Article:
Theodore Nash, Looti… on Important Developments with th… S Walch on Online Images of Early Christi… Brent Nongbri on Online Images of Early Christi… Peter Kidd on Online Images of Early Christi… Online Images of Ear… on Color Images of the Hawara Hom…
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Author Archives: Brent Nongbri
In the process of preparing to teach a course on ancient trade networks, I encountered a very informative chapter by Rachel Mairs in The Routledge Handbook of Archaeology and Globalization (2017), which introduced me to a fascinating artifact of which … Continue reading
After a recent conversation about early Coptic codices with Alin Suciu, I spent some time with the several distinct manuscripts catalogued under the designation “Copte 135” at the Bibliothèque nationale de France, the so-called Akhmim Papyri. There are some really … Continue reading
The latest issue of New Testament Studies contains an article I wrote on P.Ryl. 3.457, a.k.a. P52, the fragmentary leaf from a codex generally regarded as the earliest surviving copy of the Gospel According to John (and indeed earliest surviving … Continue reading
Thanks to Stephen Goranson for drawing my attention to an episode of the television show “In Search of…” that aired on 9 February 1978. The topic of this episode, narrated by Leonard Nimoy, was the Dead Sea Scrolls. The content … Continue reading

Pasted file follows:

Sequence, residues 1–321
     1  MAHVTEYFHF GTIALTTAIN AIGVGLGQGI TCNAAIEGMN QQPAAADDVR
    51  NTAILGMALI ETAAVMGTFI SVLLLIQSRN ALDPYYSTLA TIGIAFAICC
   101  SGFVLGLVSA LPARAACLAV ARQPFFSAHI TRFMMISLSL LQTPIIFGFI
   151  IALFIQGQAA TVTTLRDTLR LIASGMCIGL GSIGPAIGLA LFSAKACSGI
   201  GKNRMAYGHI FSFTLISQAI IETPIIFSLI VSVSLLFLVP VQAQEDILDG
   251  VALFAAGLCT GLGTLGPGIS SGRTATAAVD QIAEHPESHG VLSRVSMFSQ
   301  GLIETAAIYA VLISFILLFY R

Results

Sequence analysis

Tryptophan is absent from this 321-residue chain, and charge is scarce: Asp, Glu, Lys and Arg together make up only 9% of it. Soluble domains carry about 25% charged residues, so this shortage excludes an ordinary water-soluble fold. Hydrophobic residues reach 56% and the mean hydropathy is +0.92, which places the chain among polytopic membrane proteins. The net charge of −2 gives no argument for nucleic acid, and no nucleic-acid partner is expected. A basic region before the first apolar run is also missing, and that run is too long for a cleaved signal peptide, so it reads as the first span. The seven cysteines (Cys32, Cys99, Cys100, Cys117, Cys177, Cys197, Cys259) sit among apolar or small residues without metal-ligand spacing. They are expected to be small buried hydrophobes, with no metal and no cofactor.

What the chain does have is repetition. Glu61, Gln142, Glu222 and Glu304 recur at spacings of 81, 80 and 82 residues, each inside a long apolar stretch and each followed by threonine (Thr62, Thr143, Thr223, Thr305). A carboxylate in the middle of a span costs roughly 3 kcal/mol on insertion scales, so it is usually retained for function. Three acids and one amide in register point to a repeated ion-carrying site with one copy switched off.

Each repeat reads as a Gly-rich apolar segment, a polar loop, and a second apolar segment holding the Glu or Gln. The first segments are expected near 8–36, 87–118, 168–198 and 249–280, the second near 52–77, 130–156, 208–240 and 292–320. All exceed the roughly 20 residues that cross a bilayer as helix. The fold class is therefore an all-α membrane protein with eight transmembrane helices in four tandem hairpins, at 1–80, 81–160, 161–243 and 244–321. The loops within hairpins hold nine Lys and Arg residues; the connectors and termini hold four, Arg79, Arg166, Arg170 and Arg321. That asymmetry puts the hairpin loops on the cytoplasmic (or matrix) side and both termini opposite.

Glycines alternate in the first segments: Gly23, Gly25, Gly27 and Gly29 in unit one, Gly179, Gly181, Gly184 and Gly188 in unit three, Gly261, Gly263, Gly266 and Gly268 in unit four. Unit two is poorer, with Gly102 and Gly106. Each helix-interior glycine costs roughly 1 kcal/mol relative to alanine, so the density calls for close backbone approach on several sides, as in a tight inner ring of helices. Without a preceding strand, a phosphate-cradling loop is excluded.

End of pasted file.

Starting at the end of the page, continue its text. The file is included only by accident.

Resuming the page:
In spare moments, I continue to work on the manuscripts generally associated with Cave 1 at Qumran. I’ve become very interested in the photographs of the excavations of Cave 1. Both Gerald Lankester Harding and Ovid R. Sellers took pictures … Continue reading
I gave a talk on early Coptic books a few weeks ago in which I mentioned the results of some radiocarbon analyses of Coptic codices. Now I learn that some of what I said is already out of date! A … Continue reading
Read down to the end of the story to learn where the “Jesus Wife” fragment is now: https://www.theatlantic.com/culture/archive/2020/08/ariel-sabar-what-happened-to-the-gospel-of-jesus-wife/615160/
Thanks to Doubleday for sending along an advanced copy of Ariel Sabar’s new book, Veritas. I really didn’t know what to expect with this book. Sabar’s detailed article on the so-called “Gospel of Jesus’ Wife” in The Atlantic in 2016 … Continue reading
For those who might be interested, I will be giving a lecture on early Coptic books on 6 August at 6 pm (Berlin time).
I’ve written before on this blog about the dispersion of libraries, and I have another instance to report. The Claremont School of Theology has begun the process of merging with Willamette University in Salem, Oregon. As a part of this … Continue reading